On the second day the forecasted new snow is here – but so is the fog. Or, as Heli puts it so succinctly: “The view today is abysmal.” Yet that doesn’t matter – the mood amongst the group is up-beat. With poor vision and 20 cm of powder snow, we enjoy the freshly rolled pistes devoid of people in the Ifen skiing area. However, Heli has to amend the planned route into the Bregenzerwald – fog makes orientation in the middle of the massive snow dune landscape of the Gottesacker plateau on the Hohe Ifen impossible. Instead, he chooses an off-piste route via the Schwarzwasser hut. Helmut Düringer was involved in the planning of the “Ski Ride Vorarlberg” tour and, hence, is familiar with all off-piste routes. We are getting the benefit of it now.
Next day, everything is well with our world. A bright blue sky awaits us. And that is for the great leg between the Hochtannbergpass as far as Lech, and into the legendary snow paradise of the Arlberg. The freshly rolled pistes look tempting but, even better, the new snow that fell last night tempts us to off-piste terrain. The skiing areas of Lech Zürs and Warth-Schröcken, connected by the Auenfeldjet as of last winter, are famed for their off-piste routes, many of which are even included in the maps of the pistes and quickly bear the traces of skiers. However, we have Heli and touring skis with ski skins for climbs. The reward: untouched deep-snow slopes. Heli has planned our tour such that we reach the Madlochjoch after the lift has already stopped operating. The skiers are nowhere to be seen, we are completely alone. The Klostertal is covered by a blanket of fog, all around us the shadows of the mountains are getting longer and, in the evening glow, we set off on our final descent of the day. This is the ultimate feeling of happiness!
The many deep-snow downhill runs leave behind traces, including in the material. The new snow was brilliant, yet now and again it concealed a seriously dangerous stone. With unpleasant consequences for the running surface. This becomes the responsibility of the team manager in the evening – he takes all the skis for a service whilst we rest our tired legs and drink to the day’s skiing at the bar. Each time, everything has already been seen to upon our arrival: we are already checked in, our shoes already await us in the ski cellar, our luggage is in our rooms. Three things are particularly important at the “Ski Ride Vorarlberg”: the combination of the individual skiing areas in one tour, the group experience with the mountain guide who should also be able to tell the group a lot about Vorarlberg. And, of course: perfect all-round service.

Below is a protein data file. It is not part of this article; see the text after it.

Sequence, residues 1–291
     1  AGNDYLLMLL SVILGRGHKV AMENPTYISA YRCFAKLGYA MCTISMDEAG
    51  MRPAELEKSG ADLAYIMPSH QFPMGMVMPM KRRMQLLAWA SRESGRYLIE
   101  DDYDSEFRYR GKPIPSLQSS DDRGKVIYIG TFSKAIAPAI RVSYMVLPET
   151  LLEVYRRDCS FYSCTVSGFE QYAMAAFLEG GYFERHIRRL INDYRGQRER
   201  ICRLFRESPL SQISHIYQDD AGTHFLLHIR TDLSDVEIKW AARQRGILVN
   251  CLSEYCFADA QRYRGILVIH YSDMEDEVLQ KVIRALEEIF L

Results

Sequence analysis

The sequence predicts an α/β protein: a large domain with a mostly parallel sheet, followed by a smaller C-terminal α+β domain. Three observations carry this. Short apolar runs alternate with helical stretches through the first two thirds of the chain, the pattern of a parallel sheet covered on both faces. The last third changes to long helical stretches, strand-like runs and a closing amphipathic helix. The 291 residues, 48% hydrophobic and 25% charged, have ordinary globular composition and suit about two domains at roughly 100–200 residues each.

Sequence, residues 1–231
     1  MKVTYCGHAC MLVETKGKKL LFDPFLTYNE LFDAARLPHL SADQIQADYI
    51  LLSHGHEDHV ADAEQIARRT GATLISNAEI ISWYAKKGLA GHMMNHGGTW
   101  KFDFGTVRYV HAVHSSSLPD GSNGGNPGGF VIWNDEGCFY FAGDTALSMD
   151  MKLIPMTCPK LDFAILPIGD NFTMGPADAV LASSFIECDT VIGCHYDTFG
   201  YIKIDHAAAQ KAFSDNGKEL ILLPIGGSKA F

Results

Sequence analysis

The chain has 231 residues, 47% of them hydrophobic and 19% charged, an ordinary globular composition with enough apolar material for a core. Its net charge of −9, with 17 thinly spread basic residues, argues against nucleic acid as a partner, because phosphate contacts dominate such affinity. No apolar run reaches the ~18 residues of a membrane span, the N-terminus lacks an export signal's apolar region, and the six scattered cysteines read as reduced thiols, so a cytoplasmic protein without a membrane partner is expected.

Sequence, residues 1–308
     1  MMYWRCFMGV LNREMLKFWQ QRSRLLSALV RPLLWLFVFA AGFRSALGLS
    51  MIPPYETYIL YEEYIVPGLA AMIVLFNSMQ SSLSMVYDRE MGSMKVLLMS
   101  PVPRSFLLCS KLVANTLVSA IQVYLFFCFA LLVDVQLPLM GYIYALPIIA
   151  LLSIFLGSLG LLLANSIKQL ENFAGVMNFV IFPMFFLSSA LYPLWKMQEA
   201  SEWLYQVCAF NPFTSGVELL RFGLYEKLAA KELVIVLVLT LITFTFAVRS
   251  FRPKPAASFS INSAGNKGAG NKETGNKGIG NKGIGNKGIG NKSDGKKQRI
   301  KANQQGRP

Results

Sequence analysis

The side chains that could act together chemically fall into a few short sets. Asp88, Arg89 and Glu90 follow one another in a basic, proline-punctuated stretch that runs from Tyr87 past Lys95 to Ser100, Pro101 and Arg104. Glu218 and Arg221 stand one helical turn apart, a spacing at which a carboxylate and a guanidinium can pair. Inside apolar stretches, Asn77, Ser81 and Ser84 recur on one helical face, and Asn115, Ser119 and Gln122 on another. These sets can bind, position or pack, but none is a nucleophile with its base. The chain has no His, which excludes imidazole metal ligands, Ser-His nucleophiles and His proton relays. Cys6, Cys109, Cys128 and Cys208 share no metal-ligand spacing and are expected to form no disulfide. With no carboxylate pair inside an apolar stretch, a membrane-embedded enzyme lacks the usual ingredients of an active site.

The Maroiköpfe, at an altitude of about 2,522 metres, are the first highlight of the fourth day. It sounds arduous, but it isn’t, since we take lifts and cable cars for this tour. It’s an elevation gain of only 150 metres from the mountain station on the Albonagrat to the summit – even taking it easy it takes less than half an hour. We need considerably longer to go downhill – after all, a downhill classic awaits us, with a difference in altitude of 1,300 metres to Langen. In between: endless slopes, short escarpments, a crossing beneath sky-high snow flanks and a windy forest path which resembles a bob run. At the bottom, a taxi is waiting to pick us up and take us to the Sonnenkopf skiing area – the second highlight of the day.
Beforehand, however, we partake of refreshments in the Muttjöchle mountain restaurant which sits atop the summit of the same name affording a lovely view. It goes without saying that the pasta tastes twice as good with a panoramic view.
The destination of the day, the Montafon, is within our reach – yet so far away. We could ski there directly, but from a skiing point of view it is more interesting to try out the off-piste options on the Sonnenkopf – and then move to the Montafon comfortably by team bus.